The Belgian Capital is not the only city where different ethnic components live segregated, yet the feeling one gets in the streets and at the bus stops there, differs significantly from what one might perceive in other cities around the word, such as Paris or New York, for instance. Severe terrorist attacks shocked and irreversibly marked both France and the United States, a clear sign of questionable policies. Yet, you feel safe there, unless you ‘‘look for trouble’’.
Why? Well, in Paris you are in the bed of grandeur francese the cradle of the American dream. You know where you are. Whereas Brussels seems a non-place, a utopia, a place where we decided to embed the European Union, built as a neutral “gimmick”, as an abstract entity devoid of values, culture, and history. It feels like we have given up on ourselves and had to pay a high price for it: now that sense of unsafety, which we thought could be censored, accompanies us wherever we go.
The European Brussels is all there: between the Berlaymont and L’Espace Léopold, respectively the headquarters of the Commission and the European Parliament, in the so-called European quarter, a crossroads of rich, hard-working, and cosmopolitan people. The palaces of the institutions are immense, shiny, armored, they comfort and fascinate whoever is attracted to the idea of being a citizen of a shared world and is open to dialogue. The feeling you get in their presence it that you are small, tiny…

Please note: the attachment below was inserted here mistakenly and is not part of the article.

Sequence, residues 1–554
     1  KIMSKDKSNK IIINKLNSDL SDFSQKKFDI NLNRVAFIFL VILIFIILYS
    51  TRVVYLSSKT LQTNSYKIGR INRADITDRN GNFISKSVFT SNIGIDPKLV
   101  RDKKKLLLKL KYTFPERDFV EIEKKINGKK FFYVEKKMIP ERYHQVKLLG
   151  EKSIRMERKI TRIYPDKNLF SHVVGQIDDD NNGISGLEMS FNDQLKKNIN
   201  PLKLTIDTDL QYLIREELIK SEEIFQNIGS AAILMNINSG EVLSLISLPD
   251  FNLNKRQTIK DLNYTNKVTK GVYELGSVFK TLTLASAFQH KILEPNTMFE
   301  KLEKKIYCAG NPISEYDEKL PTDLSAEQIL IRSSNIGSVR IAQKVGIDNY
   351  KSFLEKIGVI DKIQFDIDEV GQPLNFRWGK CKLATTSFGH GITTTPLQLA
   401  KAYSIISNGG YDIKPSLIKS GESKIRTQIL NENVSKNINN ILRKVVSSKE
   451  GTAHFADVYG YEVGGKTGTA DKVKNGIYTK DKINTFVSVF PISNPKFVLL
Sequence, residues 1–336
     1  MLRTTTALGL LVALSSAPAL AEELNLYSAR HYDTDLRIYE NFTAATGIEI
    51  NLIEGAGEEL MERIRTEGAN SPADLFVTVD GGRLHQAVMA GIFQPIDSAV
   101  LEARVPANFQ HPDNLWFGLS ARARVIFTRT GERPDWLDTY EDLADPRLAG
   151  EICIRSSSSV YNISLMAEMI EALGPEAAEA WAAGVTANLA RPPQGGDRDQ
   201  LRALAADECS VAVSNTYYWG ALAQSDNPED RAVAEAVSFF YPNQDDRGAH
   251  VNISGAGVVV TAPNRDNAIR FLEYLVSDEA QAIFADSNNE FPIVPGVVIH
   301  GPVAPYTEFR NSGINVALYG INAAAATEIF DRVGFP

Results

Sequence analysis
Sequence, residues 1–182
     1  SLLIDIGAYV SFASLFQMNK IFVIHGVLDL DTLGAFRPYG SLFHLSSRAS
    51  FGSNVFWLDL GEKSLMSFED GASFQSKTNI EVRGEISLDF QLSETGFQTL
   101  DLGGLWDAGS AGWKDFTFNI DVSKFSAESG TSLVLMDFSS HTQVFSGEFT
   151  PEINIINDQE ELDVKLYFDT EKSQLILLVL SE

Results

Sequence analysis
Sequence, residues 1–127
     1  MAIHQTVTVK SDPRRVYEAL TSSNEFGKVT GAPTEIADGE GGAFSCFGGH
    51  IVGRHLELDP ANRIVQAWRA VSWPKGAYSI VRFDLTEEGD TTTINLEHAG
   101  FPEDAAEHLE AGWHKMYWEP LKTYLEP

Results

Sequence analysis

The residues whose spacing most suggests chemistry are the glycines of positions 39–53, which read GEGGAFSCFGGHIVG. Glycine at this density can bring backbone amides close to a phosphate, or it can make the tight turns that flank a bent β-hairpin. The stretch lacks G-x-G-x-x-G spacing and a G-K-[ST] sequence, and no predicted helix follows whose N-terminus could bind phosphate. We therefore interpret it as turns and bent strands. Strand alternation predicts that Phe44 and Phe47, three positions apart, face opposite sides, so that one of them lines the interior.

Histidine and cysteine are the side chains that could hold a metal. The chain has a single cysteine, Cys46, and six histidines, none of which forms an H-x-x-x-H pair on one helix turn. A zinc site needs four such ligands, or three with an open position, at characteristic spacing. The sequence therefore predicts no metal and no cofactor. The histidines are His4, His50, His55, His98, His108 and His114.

Which is the escape route? Not running away, staying in this Europe, which looks like that: multicultural, primarily economic, and not particularly democratic. We also have to put forward our identity not as an act of arrogance, but as an act of existence, out of honesty.
Let us consider the Italian context, in which non-profit or ecclesiastic organizations effectively compensate the State’s failures, sheltering migrants or the poor, for example. Let us commit to this environment, the result of our cultural specificity, dusting off the value and beauty of the West and its personality.
Muslim communities are not as compact as they seem to be from the outside: conflicts spread between those who want to integrate into the host culture and is attracted by it, and those who want to live on its edge and destroy it. If only we could make this healthy fracture prevail, making the peaceful interaction with “us” desirable, it would be possible to build a truly inclusive space, not a hypocritical one. Meanwhile, let us learn to listen to that inner sense of unsafety that accompanies us: it is often prophetic.